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Out of gas

Publication Date : 03-04-2014


Nepal repeatedly faced a petrol crisis over the past decade when the Indian Oil Corporation (IOC) cut off supply. The Nepal Oil Corporation (NOC) is perpetually in the red and in debt to the IOC.

The IOC has, on repeated occasions in recent years, cut off petrol supply to the NOC because the latter severely lagged behind in making payments.

Any disruption in the supply of petrol causes immense disruptions in the lives of people across Nepal, especially in urban areas. Yet, the government’s response to the situation has always been ad hoc.

During every crisis, the government tries to find a way to pay back the existing debt and then seems to forget about the entire issue until the next crisis. There have been very few attempts to find a permanent solution to the problem.

It appears that another major crisis of petrol scarcity is looming. And it seems that this will cause severe disruption, possibly for months on end, if the government does not take action.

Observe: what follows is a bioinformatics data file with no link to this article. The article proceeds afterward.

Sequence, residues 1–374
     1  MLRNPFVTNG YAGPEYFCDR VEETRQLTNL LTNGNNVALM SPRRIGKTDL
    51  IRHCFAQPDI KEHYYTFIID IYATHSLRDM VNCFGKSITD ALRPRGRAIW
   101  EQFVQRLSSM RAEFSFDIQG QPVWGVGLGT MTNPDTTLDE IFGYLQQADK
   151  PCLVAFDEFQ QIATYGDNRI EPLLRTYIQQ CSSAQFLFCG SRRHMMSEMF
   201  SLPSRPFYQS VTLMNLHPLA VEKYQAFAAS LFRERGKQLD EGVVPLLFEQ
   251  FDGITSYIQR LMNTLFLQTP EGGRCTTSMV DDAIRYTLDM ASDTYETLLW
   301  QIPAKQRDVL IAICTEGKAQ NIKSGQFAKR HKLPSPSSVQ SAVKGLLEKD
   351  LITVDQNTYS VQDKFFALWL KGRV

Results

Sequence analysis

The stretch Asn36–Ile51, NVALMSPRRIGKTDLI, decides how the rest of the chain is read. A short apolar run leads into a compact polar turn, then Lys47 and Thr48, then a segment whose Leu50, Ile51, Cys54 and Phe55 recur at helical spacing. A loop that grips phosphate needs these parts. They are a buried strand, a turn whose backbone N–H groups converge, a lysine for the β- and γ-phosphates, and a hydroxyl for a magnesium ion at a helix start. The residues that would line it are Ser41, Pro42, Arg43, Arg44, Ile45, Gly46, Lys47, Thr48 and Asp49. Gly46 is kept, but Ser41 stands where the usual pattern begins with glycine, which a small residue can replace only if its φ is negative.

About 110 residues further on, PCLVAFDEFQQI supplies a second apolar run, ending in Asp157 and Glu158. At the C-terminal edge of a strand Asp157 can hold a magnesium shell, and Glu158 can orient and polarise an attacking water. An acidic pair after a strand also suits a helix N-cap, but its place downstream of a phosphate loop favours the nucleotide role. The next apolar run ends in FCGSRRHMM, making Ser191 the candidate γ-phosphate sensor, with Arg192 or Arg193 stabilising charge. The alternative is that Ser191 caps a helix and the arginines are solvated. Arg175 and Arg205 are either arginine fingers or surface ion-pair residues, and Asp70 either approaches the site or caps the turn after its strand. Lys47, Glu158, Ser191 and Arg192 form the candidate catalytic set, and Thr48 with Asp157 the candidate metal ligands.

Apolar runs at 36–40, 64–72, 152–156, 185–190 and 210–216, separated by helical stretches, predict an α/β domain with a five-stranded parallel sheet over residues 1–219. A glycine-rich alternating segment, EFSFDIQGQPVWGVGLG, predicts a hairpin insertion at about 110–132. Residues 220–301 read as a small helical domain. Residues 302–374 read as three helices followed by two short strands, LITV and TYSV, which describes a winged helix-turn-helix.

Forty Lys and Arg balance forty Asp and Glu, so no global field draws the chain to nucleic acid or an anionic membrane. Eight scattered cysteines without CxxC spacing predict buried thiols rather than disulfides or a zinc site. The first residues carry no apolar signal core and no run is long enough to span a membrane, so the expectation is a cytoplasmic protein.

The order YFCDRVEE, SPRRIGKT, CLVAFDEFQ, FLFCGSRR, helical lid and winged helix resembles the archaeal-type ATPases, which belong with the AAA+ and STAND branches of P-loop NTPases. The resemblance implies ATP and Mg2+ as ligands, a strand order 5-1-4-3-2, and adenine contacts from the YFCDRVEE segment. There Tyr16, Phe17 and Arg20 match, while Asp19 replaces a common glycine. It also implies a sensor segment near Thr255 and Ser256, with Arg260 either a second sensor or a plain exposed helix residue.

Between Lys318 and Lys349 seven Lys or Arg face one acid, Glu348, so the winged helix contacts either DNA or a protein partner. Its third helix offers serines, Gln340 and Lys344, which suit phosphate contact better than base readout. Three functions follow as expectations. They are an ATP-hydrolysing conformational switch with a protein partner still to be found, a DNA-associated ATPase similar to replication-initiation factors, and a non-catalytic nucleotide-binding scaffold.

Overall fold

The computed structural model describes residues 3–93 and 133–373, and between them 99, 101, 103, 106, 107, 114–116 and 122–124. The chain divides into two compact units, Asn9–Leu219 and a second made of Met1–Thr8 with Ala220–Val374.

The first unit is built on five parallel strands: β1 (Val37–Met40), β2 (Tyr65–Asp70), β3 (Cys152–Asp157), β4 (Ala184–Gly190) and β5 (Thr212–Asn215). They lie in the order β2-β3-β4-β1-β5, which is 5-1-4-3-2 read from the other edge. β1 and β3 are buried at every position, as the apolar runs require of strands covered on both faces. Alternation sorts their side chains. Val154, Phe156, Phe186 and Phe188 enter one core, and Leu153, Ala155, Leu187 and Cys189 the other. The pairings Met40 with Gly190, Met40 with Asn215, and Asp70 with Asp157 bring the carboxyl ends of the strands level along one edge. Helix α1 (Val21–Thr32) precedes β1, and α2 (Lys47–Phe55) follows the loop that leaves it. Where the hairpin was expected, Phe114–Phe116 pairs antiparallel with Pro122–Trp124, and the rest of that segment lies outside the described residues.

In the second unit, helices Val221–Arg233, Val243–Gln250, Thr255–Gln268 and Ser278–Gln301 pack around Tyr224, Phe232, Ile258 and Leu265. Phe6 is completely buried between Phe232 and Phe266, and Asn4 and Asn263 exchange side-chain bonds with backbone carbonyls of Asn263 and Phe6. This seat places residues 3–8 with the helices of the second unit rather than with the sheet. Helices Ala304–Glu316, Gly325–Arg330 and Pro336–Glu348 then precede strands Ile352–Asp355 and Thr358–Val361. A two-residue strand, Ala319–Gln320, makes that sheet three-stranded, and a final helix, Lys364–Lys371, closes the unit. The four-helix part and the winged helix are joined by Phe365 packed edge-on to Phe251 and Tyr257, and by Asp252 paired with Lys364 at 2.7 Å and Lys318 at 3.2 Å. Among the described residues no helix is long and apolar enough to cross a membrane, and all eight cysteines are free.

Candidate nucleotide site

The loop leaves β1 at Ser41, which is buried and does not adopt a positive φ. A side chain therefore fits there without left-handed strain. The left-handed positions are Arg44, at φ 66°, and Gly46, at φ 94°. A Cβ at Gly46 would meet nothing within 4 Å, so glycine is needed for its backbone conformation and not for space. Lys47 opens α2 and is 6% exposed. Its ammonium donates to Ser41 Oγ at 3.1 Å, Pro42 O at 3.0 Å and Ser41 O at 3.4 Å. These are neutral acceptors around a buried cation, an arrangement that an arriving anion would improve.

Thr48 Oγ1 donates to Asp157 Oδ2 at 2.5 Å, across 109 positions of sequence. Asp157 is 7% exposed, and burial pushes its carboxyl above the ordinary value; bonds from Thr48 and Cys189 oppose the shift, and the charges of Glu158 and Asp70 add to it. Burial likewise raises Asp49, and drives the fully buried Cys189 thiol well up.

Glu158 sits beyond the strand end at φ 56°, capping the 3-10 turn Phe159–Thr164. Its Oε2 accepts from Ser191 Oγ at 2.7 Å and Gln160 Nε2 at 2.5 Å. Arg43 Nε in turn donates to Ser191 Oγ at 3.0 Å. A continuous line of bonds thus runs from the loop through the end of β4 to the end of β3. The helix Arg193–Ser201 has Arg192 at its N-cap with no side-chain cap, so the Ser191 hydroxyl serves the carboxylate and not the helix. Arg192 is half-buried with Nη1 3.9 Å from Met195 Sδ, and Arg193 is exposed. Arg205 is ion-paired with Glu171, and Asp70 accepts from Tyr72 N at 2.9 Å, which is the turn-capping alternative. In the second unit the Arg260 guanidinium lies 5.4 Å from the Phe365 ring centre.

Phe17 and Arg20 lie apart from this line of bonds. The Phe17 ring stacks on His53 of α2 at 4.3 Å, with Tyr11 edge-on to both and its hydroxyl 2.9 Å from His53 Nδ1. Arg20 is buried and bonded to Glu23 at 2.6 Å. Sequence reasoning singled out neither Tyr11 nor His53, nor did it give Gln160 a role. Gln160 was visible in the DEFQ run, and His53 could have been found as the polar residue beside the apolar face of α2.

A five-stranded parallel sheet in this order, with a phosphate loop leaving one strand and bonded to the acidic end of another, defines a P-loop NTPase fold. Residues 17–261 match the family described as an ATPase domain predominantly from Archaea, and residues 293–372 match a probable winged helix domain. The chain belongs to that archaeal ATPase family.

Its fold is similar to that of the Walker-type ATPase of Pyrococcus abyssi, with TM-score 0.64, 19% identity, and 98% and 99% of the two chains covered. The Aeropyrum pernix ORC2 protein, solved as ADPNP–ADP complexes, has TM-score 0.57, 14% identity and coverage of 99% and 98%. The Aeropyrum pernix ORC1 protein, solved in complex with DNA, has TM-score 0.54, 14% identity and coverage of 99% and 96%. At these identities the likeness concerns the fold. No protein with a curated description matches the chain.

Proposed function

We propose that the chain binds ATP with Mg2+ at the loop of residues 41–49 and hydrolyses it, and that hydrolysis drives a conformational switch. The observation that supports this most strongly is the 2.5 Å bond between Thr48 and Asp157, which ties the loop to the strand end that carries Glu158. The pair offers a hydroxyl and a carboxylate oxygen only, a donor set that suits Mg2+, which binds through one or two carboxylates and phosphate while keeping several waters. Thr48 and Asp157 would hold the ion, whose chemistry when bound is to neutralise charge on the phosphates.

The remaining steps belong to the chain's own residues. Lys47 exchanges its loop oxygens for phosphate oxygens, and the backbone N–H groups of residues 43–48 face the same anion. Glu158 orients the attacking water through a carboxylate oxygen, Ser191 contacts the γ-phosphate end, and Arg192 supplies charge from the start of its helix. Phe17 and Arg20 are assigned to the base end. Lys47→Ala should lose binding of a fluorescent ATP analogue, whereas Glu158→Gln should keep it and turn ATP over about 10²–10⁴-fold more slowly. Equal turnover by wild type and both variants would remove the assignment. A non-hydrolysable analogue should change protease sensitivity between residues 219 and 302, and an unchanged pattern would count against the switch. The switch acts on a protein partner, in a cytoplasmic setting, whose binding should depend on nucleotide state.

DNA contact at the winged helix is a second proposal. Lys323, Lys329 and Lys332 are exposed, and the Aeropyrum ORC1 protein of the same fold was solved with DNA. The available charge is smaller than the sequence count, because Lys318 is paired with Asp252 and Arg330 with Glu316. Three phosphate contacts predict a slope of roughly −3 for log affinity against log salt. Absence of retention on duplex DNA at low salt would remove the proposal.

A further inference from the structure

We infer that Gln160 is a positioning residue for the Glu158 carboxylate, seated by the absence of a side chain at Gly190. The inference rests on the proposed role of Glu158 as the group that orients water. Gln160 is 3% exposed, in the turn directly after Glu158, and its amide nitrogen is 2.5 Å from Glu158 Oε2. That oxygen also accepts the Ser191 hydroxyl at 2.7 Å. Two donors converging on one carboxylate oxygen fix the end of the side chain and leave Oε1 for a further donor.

However, there are no indications that the government is planning to tackle the matter. Last month, the NOC had sought a grant of 5 billion rupees (US$52 million) to pay its dues to the IOC.

The government refused, stating that petrol prices should be raised instead. But the raised prices were partially rolled back after protests. The NOC continues to lack the funds to pay off its debt.

Financial institutions are reluctant to lend money to the NOC as it already owes around Rs 35 billion to various such institutions. Government officials state that they are helpless and are waiting for a report from a parliamentary committee formed to study problems in petrol import and distribution. The report is not expected to be released until the end of April.

Meanwhile, according to an NOC official, distribution of petrol will come to a halt in 12 days if supply from India does not resume.

In fact, there is no difference between waiting for the report and doing nothing at all. The report, when it is produced, will have long-term recommendations for the overall restructuring of the NOC.

Their implementation will not be immediate but rather part of a drawn-out process. This will not help solve the immediate petrol crisis that the nation is facing.

Granted, such a report and its implementation is a necessity. But this does not mean that government officials should just sit around doing nothing as a major crisis in petrol supply threatens Nepal in the immediate future.

In the meantime, the government should find ways of paying back owed dues to the IOC and thus resuming petrol supply. Then, they should work on reforming the NOC so as to find a permanent solution to the problem.


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